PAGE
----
SMART Letter #21
May 13, 1999



            SMART Letter #21 - May 13, 1999

            Copyright 1999 by David S. Isenberg

      At we accumulate intellectual capital

           the old fashioned way -- we LEARN it. -- -- 1-888-isen-com





>  The full impact of The Stupid Network

>  Quote of Note: Kevin Werbach

>  Lead Essay: Why equal access for cable matters

>  Making an Ally of Piracy, by Jaron Lanier

>  Quote of Note: Tom Petzinger

>  Conferences on my Calendar, Copyright Notice, Administrivia




      (The article below appeared in Communications Week

       International, 10 May 1999, but it was written in early

       April, before AT&T's deal with MediaOne/Roadrunner,

       and before Microsoft bought 3% of AT&T.  So it is

       out of date, and probably wrong in a certain

       specific sense. See "WHY EQUAL ACCESS FOR CABLE

       MATTERS," below.

                                                    David I)

   NEWS ITEM: "The Stupid Network theory has been vindicated

   by the company that long resisted it.  AT&T's network

   chief Frank Ianna announced in March that all subsequent

   network development will be packet oriented . . . "

            Communications Week International, 5 April 1999

AT&T's move to cap investment in its circuit-switched network only partially

"vindicates" the Stupid Network idea. Despite this important step, AT&T does

not yet seem to grasp the impact of the Stupid Network on its business


AT&T network czar Frank Ianna says that the post-circuit world will be

"either ATM or Internet Protocol or some combination of those," and he sees

a "huge debate" on this issue. He does not seem to realize that Internet

protocol has won hands down, or that IP is now reducing the need for ATM,

and even SONET, making the network ever more simple and stupid.

Furthermore, Ianna's new emphasis on "Endpoints, endpoints, endpoints," does

not seem to appreciate that IP terminates in a device at the customer's

fingertips. Such "endpoints" are no longer owned or controlled by AT&T.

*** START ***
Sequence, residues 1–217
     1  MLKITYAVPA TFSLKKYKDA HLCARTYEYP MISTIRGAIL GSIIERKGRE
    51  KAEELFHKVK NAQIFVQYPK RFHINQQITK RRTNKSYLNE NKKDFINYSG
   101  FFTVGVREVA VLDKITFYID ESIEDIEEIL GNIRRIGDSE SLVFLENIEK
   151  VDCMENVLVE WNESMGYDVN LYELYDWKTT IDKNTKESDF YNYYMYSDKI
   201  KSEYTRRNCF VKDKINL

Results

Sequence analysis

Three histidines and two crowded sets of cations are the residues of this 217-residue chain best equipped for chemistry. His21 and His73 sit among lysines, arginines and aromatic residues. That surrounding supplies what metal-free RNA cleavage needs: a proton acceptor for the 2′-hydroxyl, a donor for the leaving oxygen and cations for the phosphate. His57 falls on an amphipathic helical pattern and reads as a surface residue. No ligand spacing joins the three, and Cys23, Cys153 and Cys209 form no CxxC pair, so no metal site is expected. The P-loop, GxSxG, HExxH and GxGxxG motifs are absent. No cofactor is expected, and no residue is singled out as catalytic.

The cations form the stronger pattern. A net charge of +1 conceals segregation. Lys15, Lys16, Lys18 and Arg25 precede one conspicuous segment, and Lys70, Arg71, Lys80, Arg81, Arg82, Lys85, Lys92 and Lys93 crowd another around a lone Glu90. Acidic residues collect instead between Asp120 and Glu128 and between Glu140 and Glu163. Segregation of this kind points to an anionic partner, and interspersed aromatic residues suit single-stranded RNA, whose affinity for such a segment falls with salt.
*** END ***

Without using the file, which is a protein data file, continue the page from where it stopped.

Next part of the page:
This simple fact has profound consequences for how AT&T does business.

Because IP is an internetworking protocol, it makes differences between

networks irrelevant. So no matter how much intelligence AT&T's network has,

or how many cool features AT&T adds, in an all-IP network, the only

properties that matter are transport and connectivity.

In an all-IP world, the network becomes the transport device for the

customer's application -- much like a disk drive is the customer's storage

device. This means that new applications, new value, can be created at the

edge of the network, without the permission, control, or involvement of the

network owner.

And when network ownership is de-coupled from value creation, AT&T derives

no benefit from this new value beyond the new traffic it spawns.

In other words, when AT&T thinks of its network as some kind of "crown

jewel," it is misguided. Under IP, AT&T's network is just like any other


AT&T chairman and chief executive C. Michael Armstrong does not seem to

grasp this either. He speaks of a facilities-based strategy whereby which

AT&T would control the interfaces, protocols, standards and platforms of the

network and weave them into a set of seamless services.

In other words, he still sees AT&T's network as somehow involved in value

creation. He does not see that in an all-IP world, the IP interface

de-couples the platforms, standards and protocols from network transport.

Facilities are commodities, and the value is created at the edge.

If AT&T saw this, it would have a different business model. It would stop

trying to make its network special. Instead, it would ride open industry

trajectories and emphasize its compatibility with other networks. It would

build fat, dumb pipes. It would concentrate on delivering the most bits to

the most people at the lowest cost. And it would leave "value added" to the

people who build applications for the smart IP-enabled devices at the new